“I had already said goodbye to ‘Miss Saigon,’” says Joaquin Valdes, who officially joined the musical’s United Kingdom-Ireland touring production two weeks ago in Manchester. He is part of the male ensemble, as well as 2nd cover (or understudy) for the role of Thuy, currently played by fellow Filipino artist Gerald Santos.
In 2012, when the “Miss Saigon” team came to the Philippines to cast the now-closed West End revival (which coincided with the musical’s 25th anniversary), Valdes was one of those who did not audition. “I had a stable job in advertising, and my fiancée was in the middle of law school,” he says.
A few years later, he arrived at a quandary. With a Film degree from the University of the Philippines-Diliman, he had entered the world of advertising for its stability. Now, despite the good pay, he no longer found the work fulfilling.
“I had built a name for myself as a director, but making glossy TV ads was just disconnecting me from my art,” he says. “I was secretly depressed.”
When auditions for the aforementioned “Saigon” tour came in 2016, Valdes was already looking for a way out—“an excuse to leave,” he says. He tried his luck, but didn’t make the cut.
It was a lot of “struggling and wrestling with myself,” but the rejection also kindled a kind of 11 o’clock number for Valdes. “I realized that my depression was rooted in my desire to return to my first love, and that I didn’t need to wait for a ‘Miss Saigon’ to do what I wanted to do.”
That first love, of course, is the theater, whose limelight Valdes has known since he was in grade school, when he was cast in Repertory Philippines’ 1995 production of “Evita.”
And so early last year, Valdes quit his job in advertising and started applying for theater-related Master’s degree programs abroad. In fact, when the chance came for a self-taped audition for the “Saigon” tour extension, he had already been offered a slot in a university in Britain.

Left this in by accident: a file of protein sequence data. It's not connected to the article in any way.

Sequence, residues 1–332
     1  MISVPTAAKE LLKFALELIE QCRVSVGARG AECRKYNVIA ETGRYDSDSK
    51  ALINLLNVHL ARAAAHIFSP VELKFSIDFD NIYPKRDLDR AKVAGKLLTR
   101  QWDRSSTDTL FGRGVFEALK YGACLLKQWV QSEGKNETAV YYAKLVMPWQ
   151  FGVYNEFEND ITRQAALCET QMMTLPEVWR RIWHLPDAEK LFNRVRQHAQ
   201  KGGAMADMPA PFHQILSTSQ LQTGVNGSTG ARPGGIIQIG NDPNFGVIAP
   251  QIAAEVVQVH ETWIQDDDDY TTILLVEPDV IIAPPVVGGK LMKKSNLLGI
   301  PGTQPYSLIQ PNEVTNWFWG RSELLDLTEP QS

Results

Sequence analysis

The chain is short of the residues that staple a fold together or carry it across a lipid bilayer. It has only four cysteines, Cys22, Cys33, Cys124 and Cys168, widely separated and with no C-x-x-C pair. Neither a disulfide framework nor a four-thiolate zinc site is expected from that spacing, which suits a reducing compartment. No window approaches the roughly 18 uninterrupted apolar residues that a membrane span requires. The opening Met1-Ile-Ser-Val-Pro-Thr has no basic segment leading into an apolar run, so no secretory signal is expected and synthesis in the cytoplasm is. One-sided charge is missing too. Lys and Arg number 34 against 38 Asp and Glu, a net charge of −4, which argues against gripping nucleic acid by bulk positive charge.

He landed the part in ‘Saigon’ mere days after sending in his tape. “I guess the universe knows when you’re ready. I first auditioned wanting to leave an industry I was miserable in. But that wasn’t the right mind-set,” he says.
Now his contract binds him to the production for one year, taking him and his wife to cities such as Bristol (where the show opens next week), Plymouth, and Zurich, Switzerland.
“The decision to leave the Philippines was a hard one,” he says. “It was going to happen whether or not I got accepted into ‘Saigon.’ I want to build a career in a craft I love and know.”
For someone whose resumé flaunts acclaimed turns in local productions of Tony Award winners such as “Spring Awakening,” “Red” and “Matilda, The Musical,” Valdes confesses his career as an actor in the country has been anything but stable.
“There are limitations in our industry,” he says, “and it’s hardly an industry because there’s hardly an audience. We have a growing number of theater companies and an endless cistern of talent, but where is the audience that will sustain the work? Even big casino theaters can’t always fill their seats. And we’re hardly represented in the public sector. We don’t even have labor laws to protect theater businesses and actors.”
As Lea Salonga, Joanna Ampil and Rachelle Ann Go have shown, a stint in “Saigon” can lead to a myriad of possibilities. Still, Valdes chooses to take everything one day at a time.
“My focus now is to do good work,” he says, “sing and act and stay on top of my game. Earn my keep.”
“Hopefully when I come back,” Valdes adds, “I’ll be a much better performer and a more empathizing person. But I’ll likely do what I’ve always done—hustle. Only difference will be I’d have more world experience to hustle harder.”